So off they started about Irish sports and shoneen games the like of lawn tennis and about hurley and putting the stone and racy of the soil and building up a nation once again and all to that. And of course Bloom had to have his say too about if a fellow had a rower's heart violent exercise was bad. I declare to my antimacassar if you took up a straw from the bloody floor and if you said to Bloom: Look at, Bloom. Do you see that straw? That's a straw. Declare to my aunt he'd talk about it for an hour so he would and talk steady.

A most interesting discussion took place in the ancient hall of Brian O'ciarnain's in Sraid na Bretaine Bheag, under the auspices of Sluagh na h-Eireann, on the revival of ancient Gaelic sports and the importance of physical culture, as understood in ancient Greece and ancient Rome and ancient Ireland, for the development of the race. The venerable president of the noble order was in the chair and the attendance was of large dimensions. After an instructive discourse by the chairman, a magnificent oration eloquently and forcibly expressed, a most interesting and instructive discussion of the usual high standard of excellence ensued as to the desirability of the revivability of the ancient games and sports of our ancient Panceltic forefathers. The wellknown and highly respected worker in the cause of our old tongue, Mr Joseph M'Carthy Hynes, made an eloquent appeal for the resuscitation of the ancient Gaelic sports and pastimes, practised morning and evening by Finn MacCool, as calculated to revive the best traditions of manly strength and prowess handed down to us from ancient ages. L. Bloom, who met with a mixed reception of applause and hisses, having espoused the negative the vocalist chairman brought the discussion to a close, in response to repeated requests and hearty plaudits from all parts of a bumper house, by a remarkably noteworthy rendering of the immortal Thomas Osborne Davis' evergreen verses (happily too familiar to need recalling here) A nation once again in the execution of which the veteran patriot champion may be said without fear of contradiction to have fairly excelled himself. The Irish Caruso-Garibaldi was in superlative form and his stentorian notes were heard to the greatest advantage in the timehonoured anthem sung as only our citizen can sing it. His superb highclass vocalism, which by its superquality greatly enhanced his already international reputation, was vociferously applauded by the large audience among which were to be noticed many prominent members of the clergy as well as representatives of the press and the bar and the other learned professions. The proceedings then terminated.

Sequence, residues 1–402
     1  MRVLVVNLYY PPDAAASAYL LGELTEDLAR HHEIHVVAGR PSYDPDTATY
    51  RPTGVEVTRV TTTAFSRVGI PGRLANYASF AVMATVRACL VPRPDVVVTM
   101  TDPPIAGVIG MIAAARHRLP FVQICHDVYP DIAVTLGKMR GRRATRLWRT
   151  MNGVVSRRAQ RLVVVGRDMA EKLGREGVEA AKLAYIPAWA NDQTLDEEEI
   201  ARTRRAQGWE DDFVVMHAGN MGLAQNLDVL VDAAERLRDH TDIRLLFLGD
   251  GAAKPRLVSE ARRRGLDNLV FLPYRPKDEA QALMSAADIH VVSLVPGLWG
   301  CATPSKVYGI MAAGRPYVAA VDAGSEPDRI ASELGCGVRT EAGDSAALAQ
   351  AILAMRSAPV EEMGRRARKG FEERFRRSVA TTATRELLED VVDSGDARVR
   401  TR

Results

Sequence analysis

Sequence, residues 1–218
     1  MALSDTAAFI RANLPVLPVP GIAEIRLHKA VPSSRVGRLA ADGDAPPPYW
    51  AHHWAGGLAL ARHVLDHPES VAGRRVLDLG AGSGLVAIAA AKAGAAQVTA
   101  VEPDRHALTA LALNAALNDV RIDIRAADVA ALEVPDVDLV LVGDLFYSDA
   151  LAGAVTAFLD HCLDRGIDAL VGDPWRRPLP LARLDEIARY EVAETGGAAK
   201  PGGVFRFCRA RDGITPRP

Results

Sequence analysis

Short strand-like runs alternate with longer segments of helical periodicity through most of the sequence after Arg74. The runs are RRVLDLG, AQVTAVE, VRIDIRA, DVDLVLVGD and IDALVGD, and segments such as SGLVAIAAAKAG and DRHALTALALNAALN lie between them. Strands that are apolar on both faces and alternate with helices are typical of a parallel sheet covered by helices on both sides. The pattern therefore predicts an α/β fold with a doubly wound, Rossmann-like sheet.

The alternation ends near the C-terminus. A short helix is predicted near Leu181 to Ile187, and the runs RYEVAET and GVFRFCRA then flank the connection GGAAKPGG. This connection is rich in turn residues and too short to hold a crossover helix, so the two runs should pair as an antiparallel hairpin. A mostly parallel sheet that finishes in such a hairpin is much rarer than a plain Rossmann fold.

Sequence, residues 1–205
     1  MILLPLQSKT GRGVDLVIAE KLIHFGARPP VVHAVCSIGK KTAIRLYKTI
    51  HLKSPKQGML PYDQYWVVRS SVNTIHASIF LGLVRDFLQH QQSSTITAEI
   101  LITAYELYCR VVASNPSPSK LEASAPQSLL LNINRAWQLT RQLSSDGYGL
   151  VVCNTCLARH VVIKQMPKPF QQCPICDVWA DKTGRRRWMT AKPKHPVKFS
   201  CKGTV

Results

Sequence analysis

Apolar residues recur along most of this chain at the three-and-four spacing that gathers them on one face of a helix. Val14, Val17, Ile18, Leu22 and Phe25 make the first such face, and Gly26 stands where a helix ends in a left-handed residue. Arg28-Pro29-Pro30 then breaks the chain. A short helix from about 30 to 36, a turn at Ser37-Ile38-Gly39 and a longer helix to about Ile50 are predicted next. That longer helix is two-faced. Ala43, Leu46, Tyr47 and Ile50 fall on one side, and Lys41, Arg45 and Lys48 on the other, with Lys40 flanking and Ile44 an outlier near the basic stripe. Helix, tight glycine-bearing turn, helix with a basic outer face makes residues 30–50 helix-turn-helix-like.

Amongst the clergy present were the very rev. William Delany, S. J., L. L. D.; the rt rev. Gerald Molloy, D. D.; the rev. P. J. Kavanagh, C. S. Sp.; the rev. T. Waters, C. C.; the rev. John M. Ivers, P. P.; the rev. P. J. Cleary, O. S. F.; the rev. L. J. Hickey, O. P.; the very rev. Fr. Nicholas, O. S. F. C.; the very rev. B. Gorman, O. D. C.; the rev. T. Maher, S. J.; the very rev. James Murphy, S. J.; the rev. John Lavery, V. F.; the very rev. William Doherty, D. D.; the rev. Peter Fagan, O. M.; the rev. T. Brangan, O. S. A.; the rev. J. Flavin, C. C.; the rev. M. A. Hackett, C. C.; the rev. W. Hurley, C. C.; the rt rev. Mgr M'Manus, V. G.; the rev. B. R. Slattery, O. M. I.; the very rev. M. D. Scally, P. P.; the rev. F. T. Purcell, O. P.; the very rev. Timothy canon Gorman, P. P.; the rev. J. Flanagan, C. C. The laity included P. Fay, T. Quirke, etc., etc.

— Talking about violent exercise, says Alf, were you at that Keogh-Bennett match?

— No, says Joe.

— I heard So and So made a cool hundred quid over it, says Alf.

— Who? Blazes? says Joe.

And says Bloom:

— What I meant about tennis, for example, is the agility and training the eye.

— Ay, Blazes, says Alf. He let out that Myler was on the beer to run up the odds and he swatting all the time.

— We know him, says the citizen. The traitor's son. We know what put English gold in his pocket.

— -True for you, says Joe.

And Bloom cuts in again about lawn tennis and the circulation of the blood, asking Alf:

— Now, don't you think, Bergan?

— Myler dusted the floor with him, says Alf. Heenan and Sayers was only a bloody fool to it. Handed him the father and mother of a beating. See the little kipper not up to his navel and the big fellow swiping. God, he gave him one last puck in the wind, Queensberry rules and all, made him puke what he never ate.